PPS was first introduced to the BDC and their Saturday Market through Pittsburgh's Design Center. Working with the Design Center and the staff of the BDC, PPS hosted a stakeholder workshop on August 15 and solicited input from the public at the newly developed Bloomfield Saturday Market on August 16. While the market has been extremely successful in its first year - growing from 18 to 29 vendors and attracting almost 1000 customers per market day - the BDC was still interested in incorporating more activities and health-related uses at their market. Participants at both events expressed interest in a number of uses and activities including cooking demonstrations, live music, a book swap/mobile library, and more comfortable places to sit, eat and gather. Enthusiasm was strong from customers and vendors alike in the market. PPS's next step is to consolidate the stakeholder and community input into a report for the BDC, which will also describe and show how the market can accommodate more healthy uses and activities while also presenting a plan for growth.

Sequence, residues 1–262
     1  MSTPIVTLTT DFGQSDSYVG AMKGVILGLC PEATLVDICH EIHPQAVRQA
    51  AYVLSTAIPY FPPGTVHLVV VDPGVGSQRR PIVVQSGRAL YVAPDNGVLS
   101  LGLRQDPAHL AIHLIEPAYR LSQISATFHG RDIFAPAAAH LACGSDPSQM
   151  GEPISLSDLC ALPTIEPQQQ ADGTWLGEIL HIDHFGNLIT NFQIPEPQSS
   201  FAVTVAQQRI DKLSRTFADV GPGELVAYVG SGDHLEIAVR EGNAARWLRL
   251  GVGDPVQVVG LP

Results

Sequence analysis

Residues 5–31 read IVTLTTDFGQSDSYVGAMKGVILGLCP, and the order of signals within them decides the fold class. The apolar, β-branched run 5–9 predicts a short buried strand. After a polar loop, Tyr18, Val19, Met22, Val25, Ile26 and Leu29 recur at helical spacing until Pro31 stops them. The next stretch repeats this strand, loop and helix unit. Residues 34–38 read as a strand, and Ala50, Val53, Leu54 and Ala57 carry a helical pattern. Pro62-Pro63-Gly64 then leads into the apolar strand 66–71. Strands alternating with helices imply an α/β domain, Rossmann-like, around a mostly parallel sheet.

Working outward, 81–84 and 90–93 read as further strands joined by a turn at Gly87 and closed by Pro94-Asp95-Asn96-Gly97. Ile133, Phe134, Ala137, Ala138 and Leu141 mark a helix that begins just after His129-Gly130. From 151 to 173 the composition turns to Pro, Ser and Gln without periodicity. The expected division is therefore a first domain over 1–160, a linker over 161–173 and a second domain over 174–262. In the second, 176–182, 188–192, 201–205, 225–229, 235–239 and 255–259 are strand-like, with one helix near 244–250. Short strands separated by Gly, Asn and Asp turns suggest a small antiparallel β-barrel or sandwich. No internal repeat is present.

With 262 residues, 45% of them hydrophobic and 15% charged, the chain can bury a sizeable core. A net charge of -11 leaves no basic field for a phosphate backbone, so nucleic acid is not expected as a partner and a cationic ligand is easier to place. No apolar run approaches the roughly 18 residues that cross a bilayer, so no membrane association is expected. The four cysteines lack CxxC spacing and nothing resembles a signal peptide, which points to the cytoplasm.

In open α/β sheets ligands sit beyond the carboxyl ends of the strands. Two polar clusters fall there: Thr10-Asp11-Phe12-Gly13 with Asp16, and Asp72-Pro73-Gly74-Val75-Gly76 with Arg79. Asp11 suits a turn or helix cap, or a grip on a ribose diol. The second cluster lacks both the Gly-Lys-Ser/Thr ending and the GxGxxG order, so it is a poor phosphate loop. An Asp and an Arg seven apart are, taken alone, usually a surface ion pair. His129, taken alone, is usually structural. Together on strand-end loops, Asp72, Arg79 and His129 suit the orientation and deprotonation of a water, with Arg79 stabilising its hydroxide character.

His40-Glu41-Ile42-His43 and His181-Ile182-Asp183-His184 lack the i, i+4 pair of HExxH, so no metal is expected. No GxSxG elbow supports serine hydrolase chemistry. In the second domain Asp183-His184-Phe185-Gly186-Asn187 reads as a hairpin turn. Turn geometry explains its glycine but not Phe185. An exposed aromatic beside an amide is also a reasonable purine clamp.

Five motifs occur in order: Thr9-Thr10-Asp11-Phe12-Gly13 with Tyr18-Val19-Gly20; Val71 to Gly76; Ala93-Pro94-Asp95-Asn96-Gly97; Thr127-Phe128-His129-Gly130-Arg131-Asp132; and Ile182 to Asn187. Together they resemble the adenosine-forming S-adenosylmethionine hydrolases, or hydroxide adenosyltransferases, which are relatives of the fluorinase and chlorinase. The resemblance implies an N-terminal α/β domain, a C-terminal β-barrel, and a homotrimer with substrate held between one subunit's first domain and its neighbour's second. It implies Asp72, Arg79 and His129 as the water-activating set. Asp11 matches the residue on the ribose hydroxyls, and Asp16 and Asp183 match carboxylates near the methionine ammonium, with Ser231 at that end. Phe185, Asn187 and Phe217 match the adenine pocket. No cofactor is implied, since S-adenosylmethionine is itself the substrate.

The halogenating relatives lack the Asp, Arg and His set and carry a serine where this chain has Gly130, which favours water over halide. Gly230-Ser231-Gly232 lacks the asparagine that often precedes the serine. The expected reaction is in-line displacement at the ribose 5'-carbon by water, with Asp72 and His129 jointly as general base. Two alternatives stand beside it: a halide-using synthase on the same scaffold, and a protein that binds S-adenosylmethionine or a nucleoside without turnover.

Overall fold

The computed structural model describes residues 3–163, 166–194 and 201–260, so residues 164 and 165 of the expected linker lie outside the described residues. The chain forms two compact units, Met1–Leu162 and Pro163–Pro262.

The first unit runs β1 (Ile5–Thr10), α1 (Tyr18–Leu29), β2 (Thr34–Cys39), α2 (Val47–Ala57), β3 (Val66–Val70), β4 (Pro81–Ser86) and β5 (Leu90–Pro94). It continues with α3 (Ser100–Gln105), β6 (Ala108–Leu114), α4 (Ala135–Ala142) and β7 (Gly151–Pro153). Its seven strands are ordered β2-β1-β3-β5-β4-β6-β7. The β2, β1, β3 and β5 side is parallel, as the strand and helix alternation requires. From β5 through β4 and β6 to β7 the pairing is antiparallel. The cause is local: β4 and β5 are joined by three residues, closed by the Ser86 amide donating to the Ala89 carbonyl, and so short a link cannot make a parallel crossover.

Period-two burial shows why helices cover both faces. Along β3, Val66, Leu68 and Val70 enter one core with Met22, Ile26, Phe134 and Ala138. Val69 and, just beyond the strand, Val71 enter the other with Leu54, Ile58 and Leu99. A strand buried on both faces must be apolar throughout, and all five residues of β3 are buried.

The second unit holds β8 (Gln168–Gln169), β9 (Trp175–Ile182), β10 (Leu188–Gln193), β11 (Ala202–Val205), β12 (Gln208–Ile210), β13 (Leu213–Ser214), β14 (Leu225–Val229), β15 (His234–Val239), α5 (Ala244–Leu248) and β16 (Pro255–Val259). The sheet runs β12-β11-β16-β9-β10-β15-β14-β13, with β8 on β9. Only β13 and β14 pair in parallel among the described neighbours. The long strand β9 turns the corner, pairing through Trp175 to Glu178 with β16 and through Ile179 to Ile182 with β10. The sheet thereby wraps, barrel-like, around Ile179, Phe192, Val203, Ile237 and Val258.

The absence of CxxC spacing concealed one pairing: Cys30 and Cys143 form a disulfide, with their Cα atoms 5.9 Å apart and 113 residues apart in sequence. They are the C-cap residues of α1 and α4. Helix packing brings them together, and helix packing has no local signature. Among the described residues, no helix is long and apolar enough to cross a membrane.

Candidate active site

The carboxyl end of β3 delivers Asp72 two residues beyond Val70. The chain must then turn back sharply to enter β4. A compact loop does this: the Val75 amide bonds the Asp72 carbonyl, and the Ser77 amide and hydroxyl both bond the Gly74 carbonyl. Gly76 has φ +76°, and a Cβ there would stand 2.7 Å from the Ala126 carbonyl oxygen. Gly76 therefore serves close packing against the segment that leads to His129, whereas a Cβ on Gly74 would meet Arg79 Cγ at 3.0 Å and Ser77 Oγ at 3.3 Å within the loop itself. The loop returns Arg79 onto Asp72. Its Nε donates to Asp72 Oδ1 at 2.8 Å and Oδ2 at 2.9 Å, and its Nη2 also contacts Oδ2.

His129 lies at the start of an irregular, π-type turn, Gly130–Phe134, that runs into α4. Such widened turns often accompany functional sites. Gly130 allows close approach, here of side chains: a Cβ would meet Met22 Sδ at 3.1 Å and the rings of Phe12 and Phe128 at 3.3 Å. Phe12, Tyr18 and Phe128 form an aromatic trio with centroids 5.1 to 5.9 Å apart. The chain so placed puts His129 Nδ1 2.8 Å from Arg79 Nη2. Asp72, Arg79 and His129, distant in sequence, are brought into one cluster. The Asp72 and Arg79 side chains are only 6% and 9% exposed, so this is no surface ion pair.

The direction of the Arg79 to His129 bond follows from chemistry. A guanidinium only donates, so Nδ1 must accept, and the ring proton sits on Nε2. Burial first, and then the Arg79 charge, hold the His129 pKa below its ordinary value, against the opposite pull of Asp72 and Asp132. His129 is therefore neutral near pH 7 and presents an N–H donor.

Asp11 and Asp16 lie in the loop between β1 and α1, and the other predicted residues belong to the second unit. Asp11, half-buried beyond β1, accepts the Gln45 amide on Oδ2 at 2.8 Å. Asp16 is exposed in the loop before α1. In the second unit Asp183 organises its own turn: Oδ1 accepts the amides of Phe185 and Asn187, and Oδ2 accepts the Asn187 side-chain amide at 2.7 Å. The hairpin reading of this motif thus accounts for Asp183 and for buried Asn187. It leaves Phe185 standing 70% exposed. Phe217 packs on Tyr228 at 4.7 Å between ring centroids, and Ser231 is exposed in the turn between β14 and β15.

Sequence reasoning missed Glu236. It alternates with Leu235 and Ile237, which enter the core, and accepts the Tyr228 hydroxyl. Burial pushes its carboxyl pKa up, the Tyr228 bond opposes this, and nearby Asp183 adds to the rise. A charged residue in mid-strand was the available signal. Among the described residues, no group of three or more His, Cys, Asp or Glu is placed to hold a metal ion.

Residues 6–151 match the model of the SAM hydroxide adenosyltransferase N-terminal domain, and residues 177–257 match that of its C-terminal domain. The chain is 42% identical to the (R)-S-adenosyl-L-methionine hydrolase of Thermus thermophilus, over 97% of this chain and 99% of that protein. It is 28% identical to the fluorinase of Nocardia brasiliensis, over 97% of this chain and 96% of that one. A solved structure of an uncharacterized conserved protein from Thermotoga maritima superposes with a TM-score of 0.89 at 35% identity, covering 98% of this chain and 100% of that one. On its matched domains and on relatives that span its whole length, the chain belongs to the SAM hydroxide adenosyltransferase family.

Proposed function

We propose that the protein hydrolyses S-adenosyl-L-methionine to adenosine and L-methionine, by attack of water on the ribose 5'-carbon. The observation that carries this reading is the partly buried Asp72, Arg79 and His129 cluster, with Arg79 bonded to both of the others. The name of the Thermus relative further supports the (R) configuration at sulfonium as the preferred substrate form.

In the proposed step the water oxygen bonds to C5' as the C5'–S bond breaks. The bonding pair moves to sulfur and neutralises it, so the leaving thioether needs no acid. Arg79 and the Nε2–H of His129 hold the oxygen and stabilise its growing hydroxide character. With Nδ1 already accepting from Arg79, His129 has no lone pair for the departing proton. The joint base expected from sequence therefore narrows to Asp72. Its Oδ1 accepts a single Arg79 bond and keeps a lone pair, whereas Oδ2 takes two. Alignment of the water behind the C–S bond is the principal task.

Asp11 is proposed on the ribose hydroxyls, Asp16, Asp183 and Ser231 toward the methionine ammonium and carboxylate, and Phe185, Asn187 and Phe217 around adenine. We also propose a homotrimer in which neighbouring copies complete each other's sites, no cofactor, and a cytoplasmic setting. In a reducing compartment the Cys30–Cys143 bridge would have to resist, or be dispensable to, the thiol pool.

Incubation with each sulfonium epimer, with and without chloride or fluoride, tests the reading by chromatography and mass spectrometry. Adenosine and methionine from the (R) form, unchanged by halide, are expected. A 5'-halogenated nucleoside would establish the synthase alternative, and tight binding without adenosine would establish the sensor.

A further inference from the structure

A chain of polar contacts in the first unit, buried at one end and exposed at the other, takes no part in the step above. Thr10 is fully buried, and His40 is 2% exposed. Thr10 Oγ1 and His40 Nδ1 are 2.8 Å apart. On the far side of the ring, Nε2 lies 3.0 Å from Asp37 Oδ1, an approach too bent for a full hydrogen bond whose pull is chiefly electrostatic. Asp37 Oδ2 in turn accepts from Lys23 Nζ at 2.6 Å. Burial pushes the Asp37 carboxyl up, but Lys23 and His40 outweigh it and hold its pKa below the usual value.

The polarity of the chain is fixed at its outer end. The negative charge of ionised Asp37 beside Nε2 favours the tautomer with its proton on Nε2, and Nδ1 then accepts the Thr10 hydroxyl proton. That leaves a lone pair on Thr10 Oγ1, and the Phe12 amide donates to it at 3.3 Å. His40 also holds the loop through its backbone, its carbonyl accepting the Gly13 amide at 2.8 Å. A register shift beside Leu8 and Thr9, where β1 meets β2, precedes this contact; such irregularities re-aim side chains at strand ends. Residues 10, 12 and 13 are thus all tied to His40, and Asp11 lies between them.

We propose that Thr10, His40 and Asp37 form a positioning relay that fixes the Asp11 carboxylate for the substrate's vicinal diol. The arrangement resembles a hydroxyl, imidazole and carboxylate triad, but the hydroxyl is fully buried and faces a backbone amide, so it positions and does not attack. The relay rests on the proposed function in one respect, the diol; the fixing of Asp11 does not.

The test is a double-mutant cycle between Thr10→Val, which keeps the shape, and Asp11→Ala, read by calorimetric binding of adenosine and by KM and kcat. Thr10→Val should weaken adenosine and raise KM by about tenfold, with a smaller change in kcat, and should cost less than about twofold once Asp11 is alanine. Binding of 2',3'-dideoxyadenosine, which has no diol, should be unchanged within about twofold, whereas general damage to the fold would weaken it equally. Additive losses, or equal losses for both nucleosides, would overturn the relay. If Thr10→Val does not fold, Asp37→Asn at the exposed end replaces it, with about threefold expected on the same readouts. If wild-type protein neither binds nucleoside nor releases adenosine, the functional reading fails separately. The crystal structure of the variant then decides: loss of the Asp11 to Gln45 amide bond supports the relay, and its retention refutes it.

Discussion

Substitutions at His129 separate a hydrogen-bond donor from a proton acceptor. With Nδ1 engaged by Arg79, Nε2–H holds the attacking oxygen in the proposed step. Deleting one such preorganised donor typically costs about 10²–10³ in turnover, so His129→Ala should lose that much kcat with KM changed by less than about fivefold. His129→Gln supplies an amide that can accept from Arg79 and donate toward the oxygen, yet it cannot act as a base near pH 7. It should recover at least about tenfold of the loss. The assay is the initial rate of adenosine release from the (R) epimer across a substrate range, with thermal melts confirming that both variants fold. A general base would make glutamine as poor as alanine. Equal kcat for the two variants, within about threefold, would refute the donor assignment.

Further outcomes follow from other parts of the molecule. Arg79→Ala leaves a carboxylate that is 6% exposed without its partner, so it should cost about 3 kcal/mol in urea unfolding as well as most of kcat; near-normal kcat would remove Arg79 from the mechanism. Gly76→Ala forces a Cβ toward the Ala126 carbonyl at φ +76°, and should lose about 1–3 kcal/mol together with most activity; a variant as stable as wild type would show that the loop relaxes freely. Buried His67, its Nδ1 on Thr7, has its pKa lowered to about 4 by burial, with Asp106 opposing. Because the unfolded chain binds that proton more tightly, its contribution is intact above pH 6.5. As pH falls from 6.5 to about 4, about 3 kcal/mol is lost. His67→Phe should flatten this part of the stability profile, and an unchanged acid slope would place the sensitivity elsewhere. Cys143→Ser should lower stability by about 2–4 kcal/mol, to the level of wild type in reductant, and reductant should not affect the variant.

All of this of course leads to the major event, Pro Walk/Pro Bike/Pro Place, which will be bringing many minds to Pittsburgh, including members of the local community. The idea behind the Open House is to bring the conference to the community. There is lots of enthusiasm for walking, biking, and Placemaking in Pittsburgh, but not everyone can take three days off work to have the full conference experience. The Open House will feature local speakers telling the story of Pittsburgh, and previewing its next chapter. The Open House will also feature Streetfilms University and Mike Lanza, author of Playborhood and Pittsburgh native. If you're in Pittsburgh, we hope to see you there! Check out the flier for more information.